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Brioche 1

The word Brioche may get you craving the warm, fluffy, diet-crushing French bread, but today we’re referring to a considerably less guilty indulgence (which is also quite fluffy in it’s own way): the Brioche knit stitch. A textured stitch pattern that creates a voluminous fabric with a ribbed look, with just as much elasticity as a traditional 1×1 rib. Brioche may look intimidating, but it really is just a combination of stitches you likely already know well: a few yarn overs, slipped stitches, knit-two-together and you’re set! The perks of Brioche stitch? It’s reversible, it creates a thick, cushy fabric, and looks gorgeous when done with two colors, which can create beautiful color work that is almost 3D in its plushy texture.

This stitch is ideal for projects where you’ll want lots of stretchiness, such as hats or fitted garments with negative ease, or when you don’t want a “wrong side” to your project, such as in scarves or blankets. With its almost double-knit texture, this stitch also creates a dense fabric with lots of structure, which can be useful for something like the collar of a sweater. Within Brioche stitch there are also a dozen variations, including Waffle Brioche, Twisted Brioche, Moss Brioche, Honeycomb Brioche, Double Brioche and more. Most create a reversible fabric, and many can be worked with one or two colours, with some even incorporating a third colour.

Brioche 4

Fancy giving Brioche a try? After all, this kind is calorie free, what do you have to lose? Join us at the shop for a Beginner’s Brioche class on December 6th, from 3pm – 4:30pm where you’ll learn how to knit a pair of reversible fingerless mitts with two colours, just like the one’s worn by the lovely Jenny seen here! The sample was knit with the multicolour Noro Kureyon and Lamb’s Pride Worsted in a solid shade.

Brioche knitting is seeing a comeback these days, thanks in part to Stephen West, who released several patterns recently all of which feature Brioche. The stitch beautifully highlights both colour and texture in his gorgeous designs, as seen in the “Bundled in Brioche” scarf where colour blocking and vertical stripes create a vibrant, plush scarf showcasing a spectrum of colours. Great for eating up leftover yarn from other projects!

Brioche 3

An important tip to remember when knitting Brioche is to use a cast-on and bind-off method that will allow for the large range of elasticity you’ll get with this stitch. In this case it is often suggested to use the Italian cast-on, or Tubular cast-on, which create a very elastic, ribbed “invisible” edge where stitches seem to wrap around the hem.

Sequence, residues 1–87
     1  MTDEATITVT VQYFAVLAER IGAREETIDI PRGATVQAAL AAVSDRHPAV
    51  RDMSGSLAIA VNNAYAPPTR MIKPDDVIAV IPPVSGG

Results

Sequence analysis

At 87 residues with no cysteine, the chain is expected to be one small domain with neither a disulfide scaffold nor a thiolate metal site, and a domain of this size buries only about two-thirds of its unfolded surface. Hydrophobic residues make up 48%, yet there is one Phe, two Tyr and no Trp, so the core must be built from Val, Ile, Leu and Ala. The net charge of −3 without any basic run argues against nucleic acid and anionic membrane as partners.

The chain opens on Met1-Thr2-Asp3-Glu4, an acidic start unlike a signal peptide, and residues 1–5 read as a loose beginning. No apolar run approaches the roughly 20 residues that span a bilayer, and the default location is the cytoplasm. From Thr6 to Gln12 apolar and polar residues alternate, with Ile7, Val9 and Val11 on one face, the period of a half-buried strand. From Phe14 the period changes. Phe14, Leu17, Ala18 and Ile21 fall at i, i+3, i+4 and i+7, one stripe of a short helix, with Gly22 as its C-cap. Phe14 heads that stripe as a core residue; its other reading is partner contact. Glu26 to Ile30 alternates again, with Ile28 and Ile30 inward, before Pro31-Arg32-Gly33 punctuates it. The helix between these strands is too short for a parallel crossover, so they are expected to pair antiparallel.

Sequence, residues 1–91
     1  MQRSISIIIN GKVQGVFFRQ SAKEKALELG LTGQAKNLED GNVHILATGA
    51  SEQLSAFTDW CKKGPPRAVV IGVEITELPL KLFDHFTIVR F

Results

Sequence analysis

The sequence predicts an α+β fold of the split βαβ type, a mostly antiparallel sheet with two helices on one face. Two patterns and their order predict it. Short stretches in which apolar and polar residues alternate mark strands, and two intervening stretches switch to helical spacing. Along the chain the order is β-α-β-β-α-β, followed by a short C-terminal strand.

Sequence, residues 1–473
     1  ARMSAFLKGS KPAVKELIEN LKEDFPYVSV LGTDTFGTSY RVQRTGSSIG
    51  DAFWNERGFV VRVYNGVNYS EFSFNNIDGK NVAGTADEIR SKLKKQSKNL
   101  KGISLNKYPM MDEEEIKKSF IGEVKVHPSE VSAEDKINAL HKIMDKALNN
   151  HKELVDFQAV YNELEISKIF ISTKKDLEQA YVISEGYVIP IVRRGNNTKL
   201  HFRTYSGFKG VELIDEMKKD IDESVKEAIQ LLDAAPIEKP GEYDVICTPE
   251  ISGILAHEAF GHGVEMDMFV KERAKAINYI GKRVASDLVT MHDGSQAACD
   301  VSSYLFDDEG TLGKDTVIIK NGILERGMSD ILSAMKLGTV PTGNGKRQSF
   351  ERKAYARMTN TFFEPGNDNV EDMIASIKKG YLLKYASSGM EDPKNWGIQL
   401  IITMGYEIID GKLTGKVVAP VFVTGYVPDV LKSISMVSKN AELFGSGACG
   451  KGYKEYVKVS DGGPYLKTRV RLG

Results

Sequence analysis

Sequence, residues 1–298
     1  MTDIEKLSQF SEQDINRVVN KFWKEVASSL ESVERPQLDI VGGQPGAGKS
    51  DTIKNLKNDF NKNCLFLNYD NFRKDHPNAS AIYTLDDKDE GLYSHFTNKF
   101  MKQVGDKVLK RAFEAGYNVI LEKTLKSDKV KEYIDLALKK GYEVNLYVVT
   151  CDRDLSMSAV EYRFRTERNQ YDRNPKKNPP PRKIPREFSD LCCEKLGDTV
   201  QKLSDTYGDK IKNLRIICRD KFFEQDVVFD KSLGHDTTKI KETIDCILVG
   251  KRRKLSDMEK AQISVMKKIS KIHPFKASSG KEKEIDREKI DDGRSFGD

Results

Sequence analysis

So, have you worked up an appetite for Brioche yet? What is your favourite Brioche pattern or one you’ve been hungry to try?

We’re thrilled to announce our next workshop, coming up next month. Elanor King will be here for the morning of Saturday 8th August, teaching us her amazing techniques for embellishing our knits.

Elanor, who is catchloops on Ravelry, is an Irish designer based in London. With an engineering background and an artist’s eye, she produces beautiful things using fun decorations like thrums and sequins and even loom bands, as well as the most effective embroidered details.

With Elanor’s help, you can learn how to add those distinctive touches that make your knits unique, and have a ball in the process! It all happens from 10.00am on Saturday August 8th, and you can nab a place right here.

And we really can’t wait to see the finished objects that happen then, can you?

In the shop right now, we’ve got beautiful things on display. You see, we’re hosting Tin Can Knits’ trunk show, leading up to Emily Wessel’s classes next weekend. So we thought we’d showcase some of the gorgeousness here.

First up, that’s I heart rainbows above. Made in fingering weight and sized from newborn to four years old, this is simply the dotiest thing we’ve seen in ages!

Right beside it is a child-sized Clayoquot cardigan. It’s a fast knit in DK, and that lovely colourwork yoke works for people of all sizes – literally. It’s sized from newborn to 58 inches, so everyone can have one! (And hidden in the pocket of this one is a sweet little matching hat!)

And then there’s Thistle, a delightful lace stole which is really straightforward to knit. This is lace easy enough for TV knitting and it’s easy to customize the size any way you like.

And we’ve got the most gorgeous Vivid blanket on show as well. Just look at this beauty…

This is why we’re looking forward so much to Emily’s workshops on June 27th – clever design and wonderful knits! You can be part of the fun too – there’s a couple of places left for both the Lush cardigan workshop and the Vivid blanket session.

And if you get the chance, drop by to admire these beautiful Tin Can Knits – and this isn’t even all the show! There’s lots and lots of others too. Tt’s going to be so, so hard to send them back!